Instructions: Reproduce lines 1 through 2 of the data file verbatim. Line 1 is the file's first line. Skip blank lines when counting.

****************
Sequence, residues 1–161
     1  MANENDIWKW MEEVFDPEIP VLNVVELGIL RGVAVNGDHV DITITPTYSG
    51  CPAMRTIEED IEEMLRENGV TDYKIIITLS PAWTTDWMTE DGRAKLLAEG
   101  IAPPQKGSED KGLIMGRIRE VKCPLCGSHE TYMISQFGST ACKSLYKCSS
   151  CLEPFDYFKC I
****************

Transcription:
Sequence, residues 1–161
     1  MANENDIWKW MEEVFDPEIP VLNVVELGIL RGVAVNGDHV DITITPTYSG